I was recently give the task of creating a Ring Toss Game for my grandson’s carnival-themed birthday party. After washing, spray painting and nesting all the bottles in a plastic tote, I needed to find something lightweight that would be safe to toss on to the glass bottles. Smoothfoam 4″ mini wreath forms to the rescue! Just 1-2 coats of paint and now every kid at the party will have fun trying to make a ringer and win a prize!
In an effort to spruce up my front porch, I made this DIY Americana wreath to celebrate the 4th of July with a fresh and flowery summer feel. Visit my blog to see how I created this patriotic wreath craft using a Smoothfoam ruled wreath form.
My (much) older and wiser sister is turning 60. Being the sweet little sister that I am…I thought I’d make and model a pair of “special” birthday party glasses to embarrass, I mean, celebrate her.
Craft knife, paintbrush
Print large numbers from your computer and cut them out to make a template. Tape the numbers together, then trace them onto the Smoothfoam sheet and cut them out with a craft knife, leaving them connected in the center.
Decorate the glasses with white paper flowers. Paint a thin wood dowel gold paint and push it into one side of the glasses as a handle.
I love the look of soft pastels for my DIY speckled Easter eggs – this is a simple, yet beautiful spring or Easter decoration.
So… I grabbed my Smoothfoam eggs, gently sanded away the ridged seam and painted them with a soft chalky finish.
Use an small glass or candle votive to hold the egg. Paint one half of the egg at a time.
I especially like the look of speckled eggs, which you can create with an old toothbrush by lightly dabbing it into brown paint and gently flicking the paint onto the eggs. Make sure to wear an apron to protect your clothing. Flicking can be quite messy! Find numerous foam Easter egg crafts here!
This mini rose topiary is perfect for Valentine’s Day and all year round – it can be easily adapted to be larger, depending on the space you want to decorate – I just happen to like this miniature silk rose topiary. Try using larger Smoothfoam balls with silk flowers inserted into a pail, vase or other decorative containers.
2″ Smoothfoam ball
Mini paper roses (I used about 60)
Red spray ink (I used Tattered Angels)
4″ wood dowel (the width of a Tinker Toy stick)
Small wood spool (with a hole that fits the dowel)
Green acrylic paint, paintbrush
Fast-drying craft glue
Red and cream ticking material
Small wood heart
Spray the roses and the heart with red ink. Allow plenty of time to dry.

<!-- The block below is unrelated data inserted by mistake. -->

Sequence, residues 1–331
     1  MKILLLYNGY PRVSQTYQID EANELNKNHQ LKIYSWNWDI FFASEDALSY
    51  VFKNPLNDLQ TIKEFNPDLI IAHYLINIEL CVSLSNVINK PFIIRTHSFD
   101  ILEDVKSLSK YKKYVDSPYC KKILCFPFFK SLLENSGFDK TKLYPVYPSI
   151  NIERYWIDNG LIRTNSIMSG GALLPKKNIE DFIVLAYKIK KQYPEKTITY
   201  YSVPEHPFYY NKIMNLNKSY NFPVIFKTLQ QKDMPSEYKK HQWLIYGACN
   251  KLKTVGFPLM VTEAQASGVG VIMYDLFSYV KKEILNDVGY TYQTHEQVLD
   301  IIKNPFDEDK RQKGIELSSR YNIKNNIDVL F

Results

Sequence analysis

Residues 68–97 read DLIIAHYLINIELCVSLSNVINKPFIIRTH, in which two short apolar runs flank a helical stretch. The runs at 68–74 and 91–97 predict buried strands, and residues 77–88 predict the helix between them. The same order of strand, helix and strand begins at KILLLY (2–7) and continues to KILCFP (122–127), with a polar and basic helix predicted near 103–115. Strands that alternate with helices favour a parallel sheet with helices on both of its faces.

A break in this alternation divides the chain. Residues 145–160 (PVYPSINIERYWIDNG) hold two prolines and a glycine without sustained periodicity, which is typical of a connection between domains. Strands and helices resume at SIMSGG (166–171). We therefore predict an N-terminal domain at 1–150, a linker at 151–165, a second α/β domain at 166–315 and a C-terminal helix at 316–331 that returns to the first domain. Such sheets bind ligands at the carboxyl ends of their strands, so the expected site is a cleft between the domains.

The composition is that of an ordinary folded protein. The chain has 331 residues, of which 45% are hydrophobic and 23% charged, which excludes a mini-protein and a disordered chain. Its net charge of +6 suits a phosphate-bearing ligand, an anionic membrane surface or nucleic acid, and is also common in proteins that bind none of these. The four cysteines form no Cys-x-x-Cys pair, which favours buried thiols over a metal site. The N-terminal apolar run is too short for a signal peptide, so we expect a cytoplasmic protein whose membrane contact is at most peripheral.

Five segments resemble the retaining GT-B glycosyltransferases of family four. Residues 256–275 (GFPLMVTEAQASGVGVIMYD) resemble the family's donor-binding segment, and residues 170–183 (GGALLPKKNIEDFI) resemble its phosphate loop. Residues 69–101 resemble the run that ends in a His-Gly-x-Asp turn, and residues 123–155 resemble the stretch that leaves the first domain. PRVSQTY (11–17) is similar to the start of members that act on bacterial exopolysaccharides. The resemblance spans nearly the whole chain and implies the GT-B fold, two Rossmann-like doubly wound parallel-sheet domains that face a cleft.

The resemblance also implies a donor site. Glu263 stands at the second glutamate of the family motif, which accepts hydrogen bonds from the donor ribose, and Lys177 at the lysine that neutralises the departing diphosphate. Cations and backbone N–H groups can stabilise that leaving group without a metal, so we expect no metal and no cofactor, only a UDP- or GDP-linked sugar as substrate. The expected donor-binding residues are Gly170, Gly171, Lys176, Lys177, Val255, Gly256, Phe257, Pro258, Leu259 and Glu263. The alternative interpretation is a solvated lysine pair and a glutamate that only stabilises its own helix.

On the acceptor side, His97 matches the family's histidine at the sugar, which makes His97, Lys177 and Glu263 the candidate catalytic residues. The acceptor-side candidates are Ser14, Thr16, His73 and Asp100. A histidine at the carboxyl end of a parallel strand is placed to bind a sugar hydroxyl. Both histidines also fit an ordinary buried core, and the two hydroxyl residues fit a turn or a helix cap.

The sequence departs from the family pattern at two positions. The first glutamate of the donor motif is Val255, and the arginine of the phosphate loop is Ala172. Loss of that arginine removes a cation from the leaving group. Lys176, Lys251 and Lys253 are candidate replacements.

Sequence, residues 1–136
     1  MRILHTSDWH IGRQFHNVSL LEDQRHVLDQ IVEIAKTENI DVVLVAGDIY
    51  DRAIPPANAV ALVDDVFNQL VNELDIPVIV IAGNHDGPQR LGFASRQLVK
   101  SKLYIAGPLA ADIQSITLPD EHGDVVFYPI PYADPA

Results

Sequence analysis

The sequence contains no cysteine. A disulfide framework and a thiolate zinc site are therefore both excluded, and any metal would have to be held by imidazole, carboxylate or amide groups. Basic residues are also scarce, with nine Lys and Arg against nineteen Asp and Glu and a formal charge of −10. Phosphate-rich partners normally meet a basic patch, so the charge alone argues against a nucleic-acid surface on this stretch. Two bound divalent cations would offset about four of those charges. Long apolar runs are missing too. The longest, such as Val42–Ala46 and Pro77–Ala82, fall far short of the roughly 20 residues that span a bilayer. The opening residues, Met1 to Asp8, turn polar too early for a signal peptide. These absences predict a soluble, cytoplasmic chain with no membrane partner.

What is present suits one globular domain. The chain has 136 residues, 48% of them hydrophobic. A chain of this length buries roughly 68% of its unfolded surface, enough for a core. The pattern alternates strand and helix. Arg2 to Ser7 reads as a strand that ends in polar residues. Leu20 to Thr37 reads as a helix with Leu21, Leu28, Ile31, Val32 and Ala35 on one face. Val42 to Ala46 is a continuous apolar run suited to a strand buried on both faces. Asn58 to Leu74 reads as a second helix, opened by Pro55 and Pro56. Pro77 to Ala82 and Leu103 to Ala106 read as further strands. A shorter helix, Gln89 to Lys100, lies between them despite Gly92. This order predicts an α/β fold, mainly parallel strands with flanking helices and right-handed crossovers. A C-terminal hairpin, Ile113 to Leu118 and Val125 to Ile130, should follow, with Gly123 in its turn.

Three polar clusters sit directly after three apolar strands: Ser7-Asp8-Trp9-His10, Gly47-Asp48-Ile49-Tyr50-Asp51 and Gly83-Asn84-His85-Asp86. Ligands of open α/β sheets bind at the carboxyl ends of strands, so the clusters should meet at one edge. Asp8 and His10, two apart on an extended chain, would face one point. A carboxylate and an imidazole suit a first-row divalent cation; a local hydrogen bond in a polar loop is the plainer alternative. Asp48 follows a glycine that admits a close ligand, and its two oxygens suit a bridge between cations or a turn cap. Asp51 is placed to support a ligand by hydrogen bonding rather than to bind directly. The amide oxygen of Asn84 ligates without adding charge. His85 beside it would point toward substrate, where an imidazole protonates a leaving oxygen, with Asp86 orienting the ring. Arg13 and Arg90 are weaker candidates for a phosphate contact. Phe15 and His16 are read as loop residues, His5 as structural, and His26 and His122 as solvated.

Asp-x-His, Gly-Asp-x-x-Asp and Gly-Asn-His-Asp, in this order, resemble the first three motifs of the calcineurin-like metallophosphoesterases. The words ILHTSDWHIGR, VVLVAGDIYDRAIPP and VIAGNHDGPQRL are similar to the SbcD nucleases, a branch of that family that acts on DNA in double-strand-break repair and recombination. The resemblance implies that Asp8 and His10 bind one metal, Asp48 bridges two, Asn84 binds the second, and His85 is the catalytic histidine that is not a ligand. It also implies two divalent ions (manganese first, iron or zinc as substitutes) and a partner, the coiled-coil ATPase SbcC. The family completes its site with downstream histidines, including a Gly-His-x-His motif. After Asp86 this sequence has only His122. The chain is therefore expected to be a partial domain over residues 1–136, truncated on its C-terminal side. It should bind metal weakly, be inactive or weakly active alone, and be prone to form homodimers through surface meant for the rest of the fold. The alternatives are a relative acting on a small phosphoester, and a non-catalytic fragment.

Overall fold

Paint the Smoothfoam ball and the dowel green, let dry.
Poke a hole into the end of the ball. Squirt a little glue in the hole and insert the painted dowel.
Starting at the top of the ball, glue on the roses, one by one, until covered. After the rose ball is formed, you may want to go back and re-mist the flowers with more ink for additional coverage.
Cover the wood spool with the ticking material and glue the end in place. Tie a small piece of crinkle ribbon around the ticking and glue the wood heart on top.
Insert the rose ball into the wood spool.
Winter’s her – is it snowing where you live? It’s time for some good old-fashioned fun – ready for a snowball fight?
Here’s what’s you’ll need:
Smoothfoam snowman body
6″ Smoothfoam disc
1″ Smoothfoam balls (I used 12)
2″ Smoothfoam ball
DecoArt Craft Twinkles Paint, Crystal
Tim Holtz Craft Pick
Tim Holtz Distress Ink Pad, Vintage Photo
Paintbrush, Stipple brush
Palette knife, craft knife, scissors
Beacon Fabri-Tac Adhesive
Toothpicks, bamboo skewer, craft sticks
Cut the 2″ Smoothfoam ball in half. Cut the top off the rounded side of one of the balls.
Poke two holes into the bottom of the snowman body using the craft pick. Break a toothpick in half, dip ends into craft glue and insert in holes. Attach the sliced ball onto the snowman body.
Apply Snow-tex with palette knife over the newly formed snowman and the 6″ disc. Allow both to dry fully.
To Create a Snowball Wall…
Poke holes into the 1″ balls with the craft pick. Insert toothpick halves with craft glue on the ends into balls. Build wall by sticking the balls together.
Apply Snow-tex onto wall using the palette knife. Allow to dry.
Create a scene by attaching the snowman and the wall onto the disc. Reinforce the pieces with toothpicks and craft glue.